“We were doing fine until we saw this mess” was my reply. “What I want to know, beyond why somebody would leave this crap in a place like this is how they got it here at all.” When every box, can and bottle in that pile war full it would have amounted to a lot of weight.
“They probably got it here the same way that I got here. Usually a party of hikers will be met by someone with a pack horse who will bring their supplies in here. It doesn’t happen a lot and usually they clean up after themselves, but this is not the first pile of shit that we’ve had to haul off of the mountain. Someone will be back later to pack that stuff out of here.” I couldn’t help but wonder how somebody with the resources to have access to a pack horse would stoop to drinking that increadibly nasty wine, but they were clearly bottom-feeders so I left it alone.
“What kind of camp have you set up?” the ranger continued. We showed him our camp in the distance and described our equipment and plan, which was limited to exploring, relaxing, fishing, and maybe a little reading. Wes and I were both avid readers.
“The only thing bothering me is that I forgot mosquito repellant” I commented in an off-hand way. The ranger scowled and said “They’ll eat you alive.” He reached into his saddle pack and retrieved an olive drab can with a spray nozzle on the top. “This will keep the little bastards off of you” he said as he tossed the can to me. The can was classic government issue. As I wrote earlier it was olive drab, with some code of letters and numbers denoting what item number it was in some catalogue somewhere, and written across the can was INSECT REPELLANT in black letters which blended into the deep green of the can. I gladly accepted and sprayed myself down, and as I handed it back the ranger smiled and said “Keep it. I’ve got plenty.” I don’t know what was in that insect repellant but I am certain that it had a plutonium base. The mosquitos never bothered me again on that trip.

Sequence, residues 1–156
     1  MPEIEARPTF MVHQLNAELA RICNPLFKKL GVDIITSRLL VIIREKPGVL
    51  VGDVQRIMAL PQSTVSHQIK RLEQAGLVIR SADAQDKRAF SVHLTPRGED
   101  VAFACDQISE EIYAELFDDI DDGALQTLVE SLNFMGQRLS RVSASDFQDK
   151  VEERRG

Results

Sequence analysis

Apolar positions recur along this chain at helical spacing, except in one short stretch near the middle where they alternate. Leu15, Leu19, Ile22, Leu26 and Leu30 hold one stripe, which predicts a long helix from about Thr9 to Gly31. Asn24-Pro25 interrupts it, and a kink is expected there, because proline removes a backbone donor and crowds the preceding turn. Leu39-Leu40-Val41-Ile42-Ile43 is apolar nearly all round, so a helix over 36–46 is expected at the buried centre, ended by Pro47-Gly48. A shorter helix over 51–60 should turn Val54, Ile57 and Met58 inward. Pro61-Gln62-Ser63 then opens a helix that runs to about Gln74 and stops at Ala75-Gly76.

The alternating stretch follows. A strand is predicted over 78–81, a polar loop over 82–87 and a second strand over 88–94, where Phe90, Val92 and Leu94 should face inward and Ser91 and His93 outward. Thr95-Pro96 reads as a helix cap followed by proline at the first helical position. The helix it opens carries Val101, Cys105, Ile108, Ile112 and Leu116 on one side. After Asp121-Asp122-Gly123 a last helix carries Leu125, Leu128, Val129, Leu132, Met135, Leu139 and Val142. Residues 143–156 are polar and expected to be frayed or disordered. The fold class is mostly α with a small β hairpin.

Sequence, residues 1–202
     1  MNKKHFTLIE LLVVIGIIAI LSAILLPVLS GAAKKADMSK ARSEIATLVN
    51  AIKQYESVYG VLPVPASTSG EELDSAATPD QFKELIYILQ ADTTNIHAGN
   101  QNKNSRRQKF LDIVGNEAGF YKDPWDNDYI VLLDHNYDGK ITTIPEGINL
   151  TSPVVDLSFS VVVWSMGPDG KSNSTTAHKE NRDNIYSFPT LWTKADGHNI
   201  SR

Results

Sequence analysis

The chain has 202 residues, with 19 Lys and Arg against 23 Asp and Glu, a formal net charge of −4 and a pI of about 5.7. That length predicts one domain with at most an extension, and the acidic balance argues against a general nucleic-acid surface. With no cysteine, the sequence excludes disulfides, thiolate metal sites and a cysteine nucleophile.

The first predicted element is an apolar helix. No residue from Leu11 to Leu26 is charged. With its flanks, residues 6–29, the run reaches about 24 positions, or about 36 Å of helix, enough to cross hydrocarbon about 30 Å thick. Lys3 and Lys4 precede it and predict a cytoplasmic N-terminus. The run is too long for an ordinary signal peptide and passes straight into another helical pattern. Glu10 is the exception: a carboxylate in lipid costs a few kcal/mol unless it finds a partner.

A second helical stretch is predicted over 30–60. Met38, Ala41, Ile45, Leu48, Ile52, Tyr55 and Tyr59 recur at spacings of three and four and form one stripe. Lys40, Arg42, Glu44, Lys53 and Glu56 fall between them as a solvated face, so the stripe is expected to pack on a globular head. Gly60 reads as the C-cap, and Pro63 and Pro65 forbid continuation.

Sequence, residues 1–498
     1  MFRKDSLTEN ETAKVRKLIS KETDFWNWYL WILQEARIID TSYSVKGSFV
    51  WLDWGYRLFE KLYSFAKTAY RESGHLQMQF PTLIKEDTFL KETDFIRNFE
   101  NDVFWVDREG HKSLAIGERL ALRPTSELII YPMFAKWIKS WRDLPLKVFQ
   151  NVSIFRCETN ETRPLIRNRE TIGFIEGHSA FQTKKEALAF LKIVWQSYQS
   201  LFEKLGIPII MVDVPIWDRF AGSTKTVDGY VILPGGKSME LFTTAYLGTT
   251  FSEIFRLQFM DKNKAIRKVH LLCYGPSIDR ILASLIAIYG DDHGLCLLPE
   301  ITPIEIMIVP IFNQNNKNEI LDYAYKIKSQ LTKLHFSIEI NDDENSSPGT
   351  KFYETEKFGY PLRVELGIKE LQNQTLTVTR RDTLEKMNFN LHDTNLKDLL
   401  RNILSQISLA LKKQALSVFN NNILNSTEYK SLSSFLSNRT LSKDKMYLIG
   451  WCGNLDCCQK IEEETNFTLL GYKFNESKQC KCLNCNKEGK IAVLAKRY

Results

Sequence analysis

The ranger told us that someone would probably be back the next day to clean up the mess and waved goodbye. We returned the wave and continued with our exploration of the valley, which was in fact more like a shelf. We jumped over creeks, waded gingerly through marshy ground, and eventually came back to our camp. The day was creeping into evening, and shadows from the cliff behind us began to advance across the valley floor. Wes began to fiddle with his very light weight, collapsable fishing rod and other gear while I laid back against the tree with a book. We could cook dinner in the shadows of evening but it would be hard to read or do much else, and that is pretty much how we spent the rest of that day.